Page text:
Namibians were set to begin Friday two days of voting in general elections expected to see the ruling South West Africa People's Organisation (SWAPO) return to power, despite a tough challenge from a new breakaway party.
President Hifikepunye Pohamba is seeking a second term in office, with his main competition posed by the upstart Rally for Democracy and Progress (RDP).
Former foreign minister Hidipo Hamutenya launched the new party two years ago, after he lost his bid to take over SWAPO following the retirement of liberation leader Sam Nujoma in 2004.
The two are the biggest of the 12 parties contesting the presidency, with RDP claiming about 250,000 supporters from an estimated 1.1 million voters.
|People walk under an election poster for the ruling South West African People's Organization (SWAPO), showing incumbent President Hifikepunye Pohamba outside Windhoek|
Hamutenya was a popular figure within SWAPO, and he hopes to tap into dissatisfaction with the ruling party, which has ruled since independence in 1990.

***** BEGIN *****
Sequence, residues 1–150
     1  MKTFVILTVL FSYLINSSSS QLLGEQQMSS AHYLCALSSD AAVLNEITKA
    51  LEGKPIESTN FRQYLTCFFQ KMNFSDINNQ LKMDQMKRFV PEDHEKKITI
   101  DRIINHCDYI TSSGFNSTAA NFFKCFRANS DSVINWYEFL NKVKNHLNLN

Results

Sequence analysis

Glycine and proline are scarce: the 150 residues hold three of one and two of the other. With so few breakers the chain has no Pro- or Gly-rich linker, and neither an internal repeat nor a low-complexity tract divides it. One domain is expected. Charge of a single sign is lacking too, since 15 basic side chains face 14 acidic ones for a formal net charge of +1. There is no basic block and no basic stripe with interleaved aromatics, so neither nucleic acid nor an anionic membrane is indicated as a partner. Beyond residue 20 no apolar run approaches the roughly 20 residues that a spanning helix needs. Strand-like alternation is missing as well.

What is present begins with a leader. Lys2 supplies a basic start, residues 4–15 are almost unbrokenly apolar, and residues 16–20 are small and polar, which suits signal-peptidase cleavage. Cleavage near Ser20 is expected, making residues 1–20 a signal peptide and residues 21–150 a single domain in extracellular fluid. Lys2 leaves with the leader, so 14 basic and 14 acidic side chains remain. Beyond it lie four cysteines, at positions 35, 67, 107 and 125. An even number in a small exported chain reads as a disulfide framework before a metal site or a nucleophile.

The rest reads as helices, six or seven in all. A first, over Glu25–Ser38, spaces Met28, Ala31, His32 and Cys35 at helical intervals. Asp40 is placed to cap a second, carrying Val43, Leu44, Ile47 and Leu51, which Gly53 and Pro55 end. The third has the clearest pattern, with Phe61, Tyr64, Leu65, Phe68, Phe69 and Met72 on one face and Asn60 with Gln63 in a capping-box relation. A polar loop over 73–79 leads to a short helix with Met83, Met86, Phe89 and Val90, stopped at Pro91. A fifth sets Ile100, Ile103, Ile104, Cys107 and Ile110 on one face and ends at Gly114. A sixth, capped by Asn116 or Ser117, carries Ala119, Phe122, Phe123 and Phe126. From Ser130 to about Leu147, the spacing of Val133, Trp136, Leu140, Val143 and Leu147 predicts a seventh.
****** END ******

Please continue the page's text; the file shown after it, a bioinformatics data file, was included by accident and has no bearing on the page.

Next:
"Everything is ready, the ballot boxes and election staff have been dispatched to all thirteen regions of Namibia," Rukkie Tjingaete, spokesman for the Electoral Commission of Namibia told reporters Thursday.
No major organisational or logistic hiccups had been encountered in the preparations for the country's fourth elections since independence, he added.
Five years ago SWAPO took three-fourths of the vote for both president and parliament -- the same result as the 1999 polls. The RDP doesn't expect to win, but does hope to become the main opposition party.
Tensions between the two parties have occasionally turned to stonings and intimidation against the RDP, with some SWAPO loyalists declaring some meeting spaces as "no go areas" for the breakaway.
But overall the election campaign has not been very energetic, with SWAPO praising roads, clinics and classrooms built in the past five years by its own government, but being vague about future targets.
Most opposition parties promise free education, appealing to the poorest Namibians whose children often drop out because they cannot afford the much-hated "school development fees".
The opposition also say they will fight corruption and nepotism in government.
Voters receive one ballot to select a party for parliament and one to vote directly for presidential candidates.
For the first time, counting will start directly after voting and results will be posted on the outside of each polling station. However, verified and final results will officially be announced several days later.